• We are sorry, but NCBI web applications do not support your browser and may not function properly. More information
Logo of embojLink to Publisher's site
EMBO J. Nov 1, 1995; 14(21): 5209–5215.
PMCID: PMC394630

Targeted disruption of the housekeeping gene encoding glucose 6-phosphate dehydrogenase (G6PD): G6PD is dispensable for pentose synthesis but essential for defense against oxidative stress.


Glucose 6-phosphate dehydrogenase (G6PD) is a housekeeping enzyme encoded in mammals by an X-linked gene. It has important functions in intermediary metabolism because it catalyzes the first step in the pentose phosphate pathway and provides reductive potential in the form of NADPH. In human populations, many mutant G6PD alleles (some present at polymorphic frequencies) cause a partial loss of G6PD activity and a variety of hemolytic anemias, which vary from mild to severe. All these mutants have some residual enzyme activity, and no large deletions in the G6PD gene have ever been found. To test which, if any, function of G6PD is essential, we have disrupted the G6PD gene in male mouse embryonic stem cells by targeted homologous recombination. We have isolated numerous clones, shown to be recombinant by Southern blot analysis, in which G6PD activity is undetectable. We have extensively characterized individual clones and found that they are extremely sensitive to H2O2 and to the sulfydryl group oxidizing agent, diamide. Their markedly impaired cloning efficiency is restored by reducing the oxygen tension. We conclude that G6PD activity is dispensable for pentose synthesis, but is essential to protect cells against even mild oxidative stress.

Full text

Full text is available as a scanned copy of the original print version. Get a printable copy (PDF file) of the complete article (1.6M), or click on a page image below to browse page by page. Links to PubMed are also available for Selected References.

Images in this article

Click on the image to see a larger version.

Selected References

These references are in PubMed. This may not be the complete list of references from this article.
  • D'Urso M, Mareni C, Toniolo D, Piscopo M, Schlessinger D, Luzzatto L. Regulation of glucose 6-phosphate dehydrogenase expression in CHO-human fibroblast somatic cell hybrids. Somatic Cell Genet. 1983 Jul;9(4):429–443. [PubMed]
  • Fraenkel DG. Selection of Escherichia coli mutants lacking glucose-6-phosphate dehydrogenase or gluconate-6-phosphate dehydrogenase. J Bacteriol. 1968 Apr;95(4):1267–1271. [PMC free article] [PubMed]
  • Gorry P, Lufkin T, Dierich A, Rochette-Egly C, Décimo D, Dollé P, Mark M, Durand B, Chambon P. The cellular retinoic acid binding protein I is dispensable. Proc Natl Acad Sci U S A. 1994 Sep 13;91(19):9032–9036. [PMC free article] [PubMed]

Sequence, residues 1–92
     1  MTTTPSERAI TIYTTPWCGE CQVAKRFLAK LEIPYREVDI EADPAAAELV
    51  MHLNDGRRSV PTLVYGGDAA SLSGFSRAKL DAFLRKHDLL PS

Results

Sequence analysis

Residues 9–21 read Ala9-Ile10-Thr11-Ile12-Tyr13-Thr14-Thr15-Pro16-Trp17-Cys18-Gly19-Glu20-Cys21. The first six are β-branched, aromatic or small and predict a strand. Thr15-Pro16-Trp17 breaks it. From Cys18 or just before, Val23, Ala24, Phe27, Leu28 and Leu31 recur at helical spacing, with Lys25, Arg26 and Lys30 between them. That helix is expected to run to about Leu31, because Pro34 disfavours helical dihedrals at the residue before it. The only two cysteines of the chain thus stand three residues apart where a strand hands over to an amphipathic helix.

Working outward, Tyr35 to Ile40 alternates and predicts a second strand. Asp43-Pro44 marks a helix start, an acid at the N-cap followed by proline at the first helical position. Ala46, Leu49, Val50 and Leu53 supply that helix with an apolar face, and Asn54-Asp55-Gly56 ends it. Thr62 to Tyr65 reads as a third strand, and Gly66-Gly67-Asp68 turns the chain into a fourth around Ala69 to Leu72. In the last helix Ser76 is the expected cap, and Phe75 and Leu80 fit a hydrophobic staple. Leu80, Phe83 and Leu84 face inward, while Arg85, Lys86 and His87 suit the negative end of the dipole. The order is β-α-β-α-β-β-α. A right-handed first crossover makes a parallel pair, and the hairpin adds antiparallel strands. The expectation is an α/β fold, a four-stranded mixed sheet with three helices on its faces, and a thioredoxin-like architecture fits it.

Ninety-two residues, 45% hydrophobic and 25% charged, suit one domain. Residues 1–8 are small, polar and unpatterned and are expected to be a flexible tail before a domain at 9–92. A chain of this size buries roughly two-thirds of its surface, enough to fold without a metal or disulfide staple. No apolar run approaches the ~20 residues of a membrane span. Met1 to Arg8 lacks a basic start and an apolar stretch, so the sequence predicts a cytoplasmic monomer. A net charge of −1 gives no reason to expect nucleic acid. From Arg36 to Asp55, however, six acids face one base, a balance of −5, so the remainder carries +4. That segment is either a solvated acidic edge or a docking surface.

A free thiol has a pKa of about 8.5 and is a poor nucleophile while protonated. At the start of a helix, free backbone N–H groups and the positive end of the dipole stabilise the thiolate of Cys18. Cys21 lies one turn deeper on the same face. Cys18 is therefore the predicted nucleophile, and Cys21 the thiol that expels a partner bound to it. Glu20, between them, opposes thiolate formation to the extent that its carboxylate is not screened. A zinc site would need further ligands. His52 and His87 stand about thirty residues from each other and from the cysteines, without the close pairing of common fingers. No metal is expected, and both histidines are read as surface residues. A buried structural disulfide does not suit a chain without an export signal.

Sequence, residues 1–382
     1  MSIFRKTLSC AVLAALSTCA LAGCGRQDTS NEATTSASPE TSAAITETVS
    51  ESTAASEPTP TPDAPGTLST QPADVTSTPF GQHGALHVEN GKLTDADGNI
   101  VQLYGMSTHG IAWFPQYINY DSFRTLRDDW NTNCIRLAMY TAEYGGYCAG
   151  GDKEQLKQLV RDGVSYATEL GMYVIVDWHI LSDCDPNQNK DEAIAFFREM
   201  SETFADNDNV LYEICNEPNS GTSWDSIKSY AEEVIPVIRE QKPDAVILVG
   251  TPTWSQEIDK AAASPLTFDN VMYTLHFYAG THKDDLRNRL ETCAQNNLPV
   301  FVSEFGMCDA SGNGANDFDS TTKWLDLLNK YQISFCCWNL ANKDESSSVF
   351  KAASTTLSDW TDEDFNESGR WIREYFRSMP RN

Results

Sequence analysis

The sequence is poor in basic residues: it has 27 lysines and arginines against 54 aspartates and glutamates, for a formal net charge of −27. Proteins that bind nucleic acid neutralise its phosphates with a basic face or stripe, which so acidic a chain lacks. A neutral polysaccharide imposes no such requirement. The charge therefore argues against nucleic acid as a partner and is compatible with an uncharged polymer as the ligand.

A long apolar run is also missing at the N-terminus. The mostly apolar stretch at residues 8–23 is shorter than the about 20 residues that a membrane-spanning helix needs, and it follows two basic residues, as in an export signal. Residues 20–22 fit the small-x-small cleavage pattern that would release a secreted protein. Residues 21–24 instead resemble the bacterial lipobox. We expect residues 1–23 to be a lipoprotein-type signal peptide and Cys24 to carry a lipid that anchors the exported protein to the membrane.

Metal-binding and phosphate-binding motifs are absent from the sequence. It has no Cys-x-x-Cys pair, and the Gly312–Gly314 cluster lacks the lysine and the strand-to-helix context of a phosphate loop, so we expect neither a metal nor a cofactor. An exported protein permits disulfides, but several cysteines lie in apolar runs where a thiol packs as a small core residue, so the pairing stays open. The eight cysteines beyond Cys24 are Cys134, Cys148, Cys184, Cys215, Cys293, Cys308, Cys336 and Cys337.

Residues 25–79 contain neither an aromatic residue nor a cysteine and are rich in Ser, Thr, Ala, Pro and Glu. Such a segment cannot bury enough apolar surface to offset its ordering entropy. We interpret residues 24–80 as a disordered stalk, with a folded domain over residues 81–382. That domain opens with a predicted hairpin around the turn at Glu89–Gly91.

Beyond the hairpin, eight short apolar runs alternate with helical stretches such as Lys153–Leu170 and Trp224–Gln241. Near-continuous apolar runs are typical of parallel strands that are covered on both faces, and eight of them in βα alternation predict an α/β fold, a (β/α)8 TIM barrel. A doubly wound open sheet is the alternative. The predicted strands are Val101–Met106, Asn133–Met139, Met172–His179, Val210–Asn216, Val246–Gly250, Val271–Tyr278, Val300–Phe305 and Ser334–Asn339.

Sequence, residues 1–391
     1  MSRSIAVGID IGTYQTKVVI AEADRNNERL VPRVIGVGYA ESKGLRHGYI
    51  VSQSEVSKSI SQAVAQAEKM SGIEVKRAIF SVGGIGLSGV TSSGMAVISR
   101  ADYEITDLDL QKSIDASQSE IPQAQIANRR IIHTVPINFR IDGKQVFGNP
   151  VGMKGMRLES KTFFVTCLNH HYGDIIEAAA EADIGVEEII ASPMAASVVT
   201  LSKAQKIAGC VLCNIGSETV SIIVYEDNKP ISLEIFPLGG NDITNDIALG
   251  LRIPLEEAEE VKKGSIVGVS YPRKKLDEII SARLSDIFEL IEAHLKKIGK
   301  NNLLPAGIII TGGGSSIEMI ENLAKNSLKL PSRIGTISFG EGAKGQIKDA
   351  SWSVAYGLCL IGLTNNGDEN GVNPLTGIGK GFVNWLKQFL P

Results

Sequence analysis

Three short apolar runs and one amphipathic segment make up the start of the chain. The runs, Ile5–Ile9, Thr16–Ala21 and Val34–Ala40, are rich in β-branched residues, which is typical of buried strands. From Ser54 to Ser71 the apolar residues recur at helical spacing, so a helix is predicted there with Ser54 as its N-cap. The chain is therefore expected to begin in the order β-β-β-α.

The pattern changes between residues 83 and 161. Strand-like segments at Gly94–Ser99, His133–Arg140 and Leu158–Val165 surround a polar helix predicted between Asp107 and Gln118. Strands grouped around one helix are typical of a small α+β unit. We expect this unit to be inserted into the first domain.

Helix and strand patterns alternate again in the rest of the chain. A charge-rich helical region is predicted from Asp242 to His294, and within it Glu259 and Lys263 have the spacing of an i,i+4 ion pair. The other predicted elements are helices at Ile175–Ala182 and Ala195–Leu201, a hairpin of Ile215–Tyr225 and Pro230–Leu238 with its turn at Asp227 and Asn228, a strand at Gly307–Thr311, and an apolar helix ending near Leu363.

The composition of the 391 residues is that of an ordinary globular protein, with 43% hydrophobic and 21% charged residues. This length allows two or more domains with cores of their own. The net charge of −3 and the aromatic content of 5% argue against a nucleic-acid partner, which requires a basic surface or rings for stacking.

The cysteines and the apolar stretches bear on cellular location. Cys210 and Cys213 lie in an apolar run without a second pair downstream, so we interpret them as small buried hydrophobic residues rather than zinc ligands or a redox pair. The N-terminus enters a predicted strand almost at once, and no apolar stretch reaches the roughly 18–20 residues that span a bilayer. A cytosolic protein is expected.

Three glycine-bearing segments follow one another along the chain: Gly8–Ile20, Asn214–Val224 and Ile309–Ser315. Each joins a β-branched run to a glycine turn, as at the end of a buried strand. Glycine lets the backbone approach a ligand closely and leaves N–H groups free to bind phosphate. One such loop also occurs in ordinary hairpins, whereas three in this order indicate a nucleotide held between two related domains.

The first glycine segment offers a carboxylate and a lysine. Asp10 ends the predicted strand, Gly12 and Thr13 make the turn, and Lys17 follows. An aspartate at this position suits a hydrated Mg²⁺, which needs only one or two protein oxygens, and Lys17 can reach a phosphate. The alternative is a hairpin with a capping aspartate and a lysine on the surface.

• Gray GR, Stamatoyannopoulos G, Naiman SC, Kliman MR, Klebanoff SJ, Austin T, Yoshida A, Robinson GC. Neutrophil dysfunction, chronic granulomatous disease, and non-spherocytic haemolytic anaemia caused by complete deficiency of glucose-6-phosphate dehydrogenase. Lancet. 1973 Sep 8;2(7828):530–534. [PubMed]
  • Hooper M, Hardy K, Handyside A, Hunter S, Monk M. HPRT-deficient (Lesch-Nyhan) mouse embryos derived from germline colonization by cultured cells. Nature. 1987 Mar 19;326(6110):292–295. [PubMed]
  • Kazazian HH., Jr The thalassemia syndromes: molecular basis and prenatal diagnosis in 1990. Semin Hematol. 1990 Jul;27(3):209–228. [PubMed]
  • Kletzien RF, Harris PK, Foellmi LA. Glucose-6-phosphate dehydrogenase: a "housekeeping" enzyme subject to tissue-specific regulation by hormones, nutrients, and oxidant stress. FASEB J. 1994 Feb;8(2):174–181. [PubMed]
  • Kosower NS, Kosower EM, Wertheim B, Correa WS. Diamide, a new reagent for the intracellular oxidation of glutathione to the disulfide. Biochem Biophys Res Commun. 1969 Nov 6;37(4):593–596. [PubMed]
  • Kuehn MR, Bradley A, Robertson EJ, Evans MJ. A potential animal model for Lesch-Nyhan syndrome through introduction of HPRT mutations into mice. Nature. 1987 Mar 19;326(6110):295–298. [PubMed]
  • Laird PW, Zijderveld A, Linders K, Rudnicki MA, Jaenisch R, Berns A. Simplified mammalian DNA isolation procedure. Nucleic Acids Res. 1991 Aug 11;19(15):4293–4293. [PMC free article] [PubMed]
  • Larsen F, Gundersen G, Lopez R, Prydz H. CpG islands as gene markers in the human genome. Genomics. 1992 Aug;13(4):1095–1107. [PubMed]
  • Levy HR. Glucose-6-phosphate dehydrogenases. Adv Enzymol Relat Areas Mol Biol. 1979;48:97–192. [PubMed]
  • Lobo Z, Maitra PK. Pentose phosphate pathway mutants of yeast. Mol Gen Genet. 1982;185(2):367–368. [PubMed]
  • Luzzatto L, Testa U. Human erythrocyte glucose 6-phosphate dehydrogenase: structure and function in normal and mutant subjects. Curr Top Hematol. 1978;1:1–70. [PubMed]